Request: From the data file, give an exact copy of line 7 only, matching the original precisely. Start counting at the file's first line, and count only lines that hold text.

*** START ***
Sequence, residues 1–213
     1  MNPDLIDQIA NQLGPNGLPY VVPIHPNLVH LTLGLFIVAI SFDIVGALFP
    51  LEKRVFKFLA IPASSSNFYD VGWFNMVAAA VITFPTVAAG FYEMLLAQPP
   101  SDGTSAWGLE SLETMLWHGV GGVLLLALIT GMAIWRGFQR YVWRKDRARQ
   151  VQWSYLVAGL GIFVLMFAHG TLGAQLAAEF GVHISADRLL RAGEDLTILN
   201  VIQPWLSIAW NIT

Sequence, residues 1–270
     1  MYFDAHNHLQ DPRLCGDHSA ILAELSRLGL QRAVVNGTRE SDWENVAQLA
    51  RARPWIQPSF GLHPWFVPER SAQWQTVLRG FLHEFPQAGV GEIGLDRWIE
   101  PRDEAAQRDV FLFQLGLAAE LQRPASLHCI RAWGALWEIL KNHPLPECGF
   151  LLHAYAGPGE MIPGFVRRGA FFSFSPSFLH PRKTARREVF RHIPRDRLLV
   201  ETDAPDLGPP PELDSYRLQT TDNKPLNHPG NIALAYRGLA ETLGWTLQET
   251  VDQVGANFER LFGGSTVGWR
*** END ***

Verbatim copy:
Sequence, residues 1–270